We all need trust to help us feel at ease in the world. So often when I talk with my counselling and coaching clients I hear stories of broken trust, and the pain that this brings. But trust is tricky, and elusive, and easily lost. And it is also a wonderful anchor that helps us to find our way back home.
Trust for me is a feeling that someone has my back. I can rely on this feeling when I’m confused and times are hard – I can lean into this trust and the weight I am carrying doesn’t feel so heavy any more.
But what to trust in? This is the hard question, because so often we have all experienced breaking of trust. Parents who don’t live up to supporting the flowering life of a child; politicians who don’t live up to the promises of an election; businesses that don’t live up to a commitment to care for their customers and employees. All this broken trust can get us down, and so we start to believe it is better not to trust anyone.
But can we trust ourselves? Well, even this gets eroded. We make decisions that don’t bring us to where we hoped, we make decisions we later regret. We do things that unintentionally hurt others.
So what is there left to trust in?
Alan Watts – a wonderfully insightful author who introduced eastern philosophy to the west in the 60s and 70s, wrote:
“Wu-wei is the lifestyle of one who follows the Tao, and must be understood primarily as a form of intelligence… This intelligence is not simply intellectual; it is also the unconscious intelligence of the whole organism and, in particular, the innate wisdom of the nervous system.” (Tao: The Watercourse Way (1975), p.76)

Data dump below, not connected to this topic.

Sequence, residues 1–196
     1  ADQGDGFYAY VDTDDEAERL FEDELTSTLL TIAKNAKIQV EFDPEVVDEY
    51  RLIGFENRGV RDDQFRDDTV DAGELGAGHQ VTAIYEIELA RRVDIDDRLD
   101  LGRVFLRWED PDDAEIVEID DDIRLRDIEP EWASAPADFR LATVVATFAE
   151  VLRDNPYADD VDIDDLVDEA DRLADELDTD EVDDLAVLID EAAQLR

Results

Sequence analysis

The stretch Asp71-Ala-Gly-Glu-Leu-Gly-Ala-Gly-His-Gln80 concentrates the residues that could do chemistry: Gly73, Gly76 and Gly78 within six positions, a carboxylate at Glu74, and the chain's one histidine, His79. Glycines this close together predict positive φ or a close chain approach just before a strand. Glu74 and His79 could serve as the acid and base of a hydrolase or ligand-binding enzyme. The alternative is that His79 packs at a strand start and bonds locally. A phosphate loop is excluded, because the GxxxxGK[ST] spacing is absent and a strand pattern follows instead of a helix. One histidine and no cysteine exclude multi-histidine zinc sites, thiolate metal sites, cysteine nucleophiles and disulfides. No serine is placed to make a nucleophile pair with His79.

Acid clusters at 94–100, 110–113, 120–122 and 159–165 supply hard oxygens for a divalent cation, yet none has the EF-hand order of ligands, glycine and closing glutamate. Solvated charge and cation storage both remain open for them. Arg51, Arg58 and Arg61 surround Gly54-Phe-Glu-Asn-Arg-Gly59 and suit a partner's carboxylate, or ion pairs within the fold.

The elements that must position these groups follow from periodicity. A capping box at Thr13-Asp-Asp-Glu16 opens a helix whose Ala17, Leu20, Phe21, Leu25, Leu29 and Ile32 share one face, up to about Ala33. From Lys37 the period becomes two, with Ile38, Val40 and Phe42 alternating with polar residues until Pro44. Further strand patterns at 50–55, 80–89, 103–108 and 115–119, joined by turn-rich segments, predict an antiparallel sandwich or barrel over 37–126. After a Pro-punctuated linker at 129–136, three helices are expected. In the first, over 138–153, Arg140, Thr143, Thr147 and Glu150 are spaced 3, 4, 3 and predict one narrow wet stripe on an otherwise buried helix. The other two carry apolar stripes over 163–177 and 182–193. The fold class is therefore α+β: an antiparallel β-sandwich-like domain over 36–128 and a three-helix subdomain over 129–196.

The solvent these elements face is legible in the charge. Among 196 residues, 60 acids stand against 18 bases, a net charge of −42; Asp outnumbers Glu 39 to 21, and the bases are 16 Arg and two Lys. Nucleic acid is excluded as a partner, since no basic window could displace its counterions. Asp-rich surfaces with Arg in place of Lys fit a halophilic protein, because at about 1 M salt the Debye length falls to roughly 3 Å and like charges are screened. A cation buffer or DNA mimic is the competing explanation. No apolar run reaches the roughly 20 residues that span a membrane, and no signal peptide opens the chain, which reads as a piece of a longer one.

My own innate intelligence – the innate intelligence of my body – this is something I can trust. This might at first sound strange. The nervous system of the human body has been evolving for millennia in intimate relationship with the whole planet. Encoded in us is the innate intelligence of all that has gone before, and the basis of what will come in the future. Our nervous system knows a thing or two about how to get through life.
The trick is learning how to listen to it.
Our brains are very clever – but sometimes so clever that we go round in circles. Our brains need the wisdom of our bodies to ground them. Without that, we fly high above the earth, and lose our bearings, and then fear the fall.
So, breathe and listen into your body. Breathe and listen to the world around you. Breathe and listen for the still, small voice of your innate wisdom. It takes time and practice, but learning to listen like this can be wonderfully nourishing and enlightening. With this as your foundation, trust others as feels right.